(PC) Newson v. Shaw et al

Filing 31

ORDER signed by Magistrate Judge Carolyn K. Delaney on 10/10/19 DENYING 30 Motion to Appoint Counsel and an expert witness. (Plummer, M)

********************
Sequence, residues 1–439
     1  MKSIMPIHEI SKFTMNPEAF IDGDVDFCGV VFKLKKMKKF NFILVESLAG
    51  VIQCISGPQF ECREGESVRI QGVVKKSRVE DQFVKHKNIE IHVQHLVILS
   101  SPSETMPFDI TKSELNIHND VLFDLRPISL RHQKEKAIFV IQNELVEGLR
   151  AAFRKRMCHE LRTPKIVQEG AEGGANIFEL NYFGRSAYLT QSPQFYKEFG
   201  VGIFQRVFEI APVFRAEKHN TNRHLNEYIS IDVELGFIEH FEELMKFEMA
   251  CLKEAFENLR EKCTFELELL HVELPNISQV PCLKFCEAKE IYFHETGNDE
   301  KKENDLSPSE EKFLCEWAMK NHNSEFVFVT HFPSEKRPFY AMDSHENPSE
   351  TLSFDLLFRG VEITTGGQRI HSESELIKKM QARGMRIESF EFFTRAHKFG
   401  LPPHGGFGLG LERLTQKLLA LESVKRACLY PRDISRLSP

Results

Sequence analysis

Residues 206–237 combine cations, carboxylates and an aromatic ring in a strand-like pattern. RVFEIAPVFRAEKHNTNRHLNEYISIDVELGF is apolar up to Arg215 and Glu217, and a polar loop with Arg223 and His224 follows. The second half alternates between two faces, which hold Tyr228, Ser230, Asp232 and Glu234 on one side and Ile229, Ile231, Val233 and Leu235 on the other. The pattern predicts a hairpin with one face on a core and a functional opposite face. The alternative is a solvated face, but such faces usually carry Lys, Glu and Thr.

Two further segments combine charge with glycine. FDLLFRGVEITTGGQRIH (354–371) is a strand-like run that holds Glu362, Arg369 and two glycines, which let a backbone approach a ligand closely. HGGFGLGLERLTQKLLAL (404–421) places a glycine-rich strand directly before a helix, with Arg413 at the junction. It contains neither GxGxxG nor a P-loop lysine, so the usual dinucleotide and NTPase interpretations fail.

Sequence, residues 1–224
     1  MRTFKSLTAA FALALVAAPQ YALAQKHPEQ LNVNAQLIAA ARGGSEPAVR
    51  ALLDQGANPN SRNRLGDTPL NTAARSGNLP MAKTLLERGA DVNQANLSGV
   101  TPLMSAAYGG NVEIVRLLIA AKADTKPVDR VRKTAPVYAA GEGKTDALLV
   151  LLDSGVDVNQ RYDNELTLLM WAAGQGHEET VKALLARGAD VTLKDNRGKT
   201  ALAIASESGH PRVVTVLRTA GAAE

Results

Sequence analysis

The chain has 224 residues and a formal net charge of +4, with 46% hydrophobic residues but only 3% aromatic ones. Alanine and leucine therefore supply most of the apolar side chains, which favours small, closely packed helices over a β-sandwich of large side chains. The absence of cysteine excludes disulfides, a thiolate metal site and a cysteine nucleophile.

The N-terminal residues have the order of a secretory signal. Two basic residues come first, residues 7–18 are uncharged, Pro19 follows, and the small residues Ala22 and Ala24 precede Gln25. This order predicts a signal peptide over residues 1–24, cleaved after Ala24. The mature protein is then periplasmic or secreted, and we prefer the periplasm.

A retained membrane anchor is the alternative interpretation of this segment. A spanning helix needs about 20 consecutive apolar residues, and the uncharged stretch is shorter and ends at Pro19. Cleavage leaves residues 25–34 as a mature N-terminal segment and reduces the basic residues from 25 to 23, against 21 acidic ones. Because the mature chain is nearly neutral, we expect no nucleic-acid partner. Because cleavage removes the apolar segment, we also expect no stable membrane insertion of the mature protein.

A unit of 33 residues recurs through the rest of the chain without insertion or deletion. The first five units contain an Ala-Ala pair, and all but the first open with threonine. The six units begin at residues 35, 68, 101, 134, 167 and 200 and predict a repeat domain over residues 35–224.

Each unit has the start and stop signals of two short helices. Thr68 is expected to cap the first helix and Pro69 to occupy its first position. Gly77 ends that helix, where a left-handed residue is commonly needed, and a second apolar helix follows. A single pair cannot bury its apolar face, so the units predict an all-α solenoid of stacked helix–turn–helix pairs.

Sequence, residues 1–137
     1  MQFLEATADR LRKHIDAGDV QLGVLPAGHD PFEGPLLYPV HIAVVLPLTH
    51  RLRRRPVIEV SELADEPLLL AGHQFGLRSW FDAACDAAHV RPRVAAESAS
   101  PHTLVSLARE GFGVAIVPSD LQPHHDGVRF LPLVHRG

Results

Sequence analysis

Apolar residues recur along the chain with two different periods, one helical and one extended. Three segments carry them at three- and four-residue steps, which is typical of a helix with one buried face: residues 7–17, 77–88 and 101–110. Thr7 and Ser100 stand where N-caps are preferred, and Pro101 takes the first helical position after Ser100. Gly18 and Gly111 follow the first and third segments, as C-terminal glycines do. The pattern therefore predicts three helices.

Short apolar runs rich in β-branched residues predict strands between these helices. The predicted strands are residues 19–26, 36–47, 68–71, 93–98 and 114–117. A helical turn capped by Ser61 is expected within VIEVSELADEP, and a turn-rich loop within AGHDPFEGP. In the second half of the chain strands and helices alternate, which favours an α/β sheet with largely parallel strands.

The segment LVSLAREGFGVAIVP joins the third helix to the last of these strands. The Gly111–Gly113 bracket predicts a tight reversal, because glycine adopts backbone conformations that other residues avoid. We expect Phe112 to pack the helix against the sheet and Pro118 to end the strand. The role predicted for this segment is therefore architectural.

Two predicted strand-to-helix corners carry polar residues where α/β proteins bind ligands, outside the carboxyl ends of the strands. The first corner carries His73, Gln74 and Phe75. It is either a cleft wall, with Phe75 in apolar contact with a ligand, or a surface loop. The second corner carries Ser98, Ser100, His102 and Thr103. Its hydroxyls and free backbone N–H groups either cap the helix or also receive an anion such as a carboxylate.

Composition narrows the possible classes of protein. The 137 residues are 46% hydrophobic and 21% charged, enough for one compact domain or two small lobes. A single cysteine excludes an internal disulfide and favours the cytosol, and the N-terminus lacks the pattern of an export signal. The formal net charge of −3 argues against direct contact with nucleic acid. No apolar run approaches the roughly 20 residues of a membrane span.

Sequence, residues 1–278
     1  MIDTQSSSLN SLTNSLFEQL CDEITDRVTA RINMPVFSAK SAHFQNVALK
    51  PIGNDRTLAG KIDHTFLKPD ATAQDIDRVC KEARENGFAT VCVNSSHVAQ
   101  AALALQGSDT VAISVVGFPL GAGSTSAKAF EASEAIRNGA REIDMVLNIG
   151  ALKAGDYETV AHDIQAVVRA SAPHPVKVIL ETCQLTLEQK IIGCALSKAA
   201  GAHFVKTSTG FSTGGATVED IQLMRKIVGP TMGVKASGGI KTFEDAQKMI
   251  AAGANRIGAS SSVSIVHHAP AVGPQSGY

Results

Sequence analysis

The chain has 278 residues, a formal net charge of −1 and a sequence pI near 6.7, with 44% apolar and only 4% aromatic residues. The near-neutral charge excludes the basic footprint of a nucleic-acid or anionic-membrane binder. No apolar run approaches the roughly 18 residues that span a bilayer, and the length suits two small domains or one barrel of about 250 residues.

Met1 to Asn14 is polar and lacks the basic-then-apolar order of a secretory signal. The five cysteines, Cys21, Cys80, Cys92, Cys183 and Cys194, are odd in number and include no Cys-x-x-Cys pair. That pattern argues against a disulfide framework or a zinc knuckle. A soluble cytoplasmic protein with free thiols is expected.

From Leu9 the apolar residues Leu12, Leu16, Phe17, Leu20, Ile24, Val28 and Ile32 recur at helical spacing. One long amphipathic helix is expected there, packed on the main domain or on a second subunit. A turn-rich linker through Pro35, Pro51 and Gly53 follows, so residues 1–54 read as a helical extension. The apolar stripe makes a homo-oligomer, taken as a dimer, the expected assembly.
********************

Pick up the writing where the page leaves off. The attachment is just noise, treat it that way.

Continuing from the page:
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1 2 3 4 5 6 7 8 UNITED STATES DISTRICT COURT 9 FOR THE EASTERN DISTRICT OF CALIFORNIA 10 11 RAYMOND NEWSON, 12 13 14 15 No. 2:18-cv-2010 CKD P Plaintiff, v. ORDER STEPHEN SHAW, et al., Defendants. 16 17 Plaintiff has once again requested the appointment of counsel. The United States 18 Supreme Court has ruled that district courts lack authority to require counsel to represent indigent 19 prisoners in § 1983 cases. Mallard v. United States Dist. Court, 490 U.S. 296, 298 (1989). In 20 certain exceptional circumstances, the district court may request the voluntary assistance of 21 counsel pursuant to 28 U.S.C. § 1915(e)(1). Terrell v. Brewer, 935 F.2d 1015, 1017 (9th Cir. 22 1991); Wood v. Housewright, 900 F.2d 1332, 1335-36 (9th Cir. 1990). 23 “When determining whether ‘exceptional circumstances’ exist, a court must consider ‘the 24 likelihood of success on the merits as well as the ability of the [plaintiff] to articulate his claims 25 pro se in light of the complexity of the legal issues involved.’” Palmer v. Valdez, 560 F.3d 965, 26 970 (9th Cir. 2009) (quoting Weygandt v. Look, 718 F.2d 952, 954 (9th Cir. 1983)). The burden 27 of demonstrating exceptional circumstances is on the plaintiff. Id. Circumstances common to 28 most prisoners, such as lack of legal education and limited law library access, do not establish 1 1 2 exceptional circumstances that would warrant a request for voluntary assistance of counsel. Plaintiff moves for appointment of counsel on the grounds that he requires the assistance 3 of counsel in conducting discovery, defending against a motion for summary judgment, and 4 proceeding at trial given the complexity of the issues. (ECF No. 30.) He further asserts that 5 because the case deals with medical issues he requires an expert witness, which requires that he 6 be appointed counsel. (Id.) 7 The fact that plaintiff may face difficulties in conducting discovery does not make his 8 circumstances extraordinary or the issues in this case complex. Wilborn v. Escalderon, 789 F.2d 9 1328, 1331 (9th Cir. 1986) (finding that “a pro se litigant will seldom be in a position to 10 investigate easily the facts necessary to support the case” and that “practically all cases would 11 involve complex legal issues” if the need for fact development was all that was needed to 12 establish complexity). It also has not yet been determined that this case will proceed to trial, 13 making appointment of counsel on that ground unwarranted. As for the complexity of the issues 14 in this case, the court previously noted that, at this stage, the issues in the case do not appear 15 complex, and plaintiff has not provided any evidence or information that would convince the 16 court otherwise. The complaint is based upon plaintiff’s claims that defendants failed to treat his 17 severe elbow pain for approximately a year, at which point an x-ray was finally ordered and it 18 was discovered that his elbow was fractured. (ECF No. 1.) The case therefore does not appear to 19 present issues with the level of complexity that would warrant the appointment of counsel. 20 Furthermore, plaintiff has yet to provide any evidence, such as medical records, that would 21 demonstrate he has a likelihood of success on the merits. Finally, plaintiff has so far shown 22 himself capable of articulating his claims without assistance. 23 Plaintiff’s request for appointment of an expert witness will also be denied. Federal Rule 24 of Evidence 706 authorizes the appointment of a neutral expert witness, with expenses shared by 25 the parties. The appointment of an independent expert witness pursuant to Rule 706 is within the 26 court’s discretion, Walker v. Am. Home Shield Long Term Disability Plan, 180 F.3d 1065, 1071 27 (9th Cir. 1999), and may be appropriate when “scientific, technical, or other specialized 28 knowledge will assist the trier-of-fact to understand the evidence or decide a fact in issue,” 2 1 Ledford v. Sullivan, 105 F.3d 354, 358-59 (7th Cir. 1997). However, the statute authorizing 2 plaintiff’s in forma pauperis status does not authorize the expenditure of public funds for expert 3 witnesses. See 28 U.S.C. § 1915; Tedder v. Odel, 890 F.2d 210, 211-12 (9th Cir. 1989) (per 4 curiam) (expenditure of public funds on behalf of indigent litigant is proper only when authorized 5 by Congress); Boring v. Kozakiewicz, 833 F.2d 468, 474 (3d Cir. 1987) (no provision to pay fees 6 for expert witnesses). The federal courts have uniformly held that an indigent prisoner litigant 7 must bear his own costs of litigation, including witnesses. Tedder, 890 F.2d at 211 (in forma 8 pauperis statute, 28 U.S.C. § 1915, does not authorize waiver of fees or expenses for an indigent’s 9 witnesses). 10 In this case, it appears that plaintiff is seeking to have the court appoint an expert witness 11 to advocate on his behalf, which is not authorized by Rule 706. However, even if plaintiff is truly 12 seeking a neutral expert, the court does not find that the issues in this case are complicated such 13 that the testimony of a neutral expert would be warranted and the request is denied. To the extent 14 the expenses of an expert retained on behalf of a prisoner litigant may be recovered if 15 preauthorized and arranged by counsel appointed by this court’s Pro Bono Panel, as addressed 16 above, plaintiff has not demonstrated extraordinary circumstances to warrant appointment of 17 counsel. The court will therefore decline to appoint counsel for the purpose of obtaining an 18 expert witness. 19 Accordingly, IT IS HEREBY ORDERED that plaintiff’s request for the appointment of 20 counsel and an expert witness (ECF No. 30) is denied. 21 Dated: October 10, 2019 _____________________________________ CAROLYN K. DELANEY UNITED STATES MAGISTRATE JUDGE 22 23 24 25 13:news2010.31.3d 26 27 28 3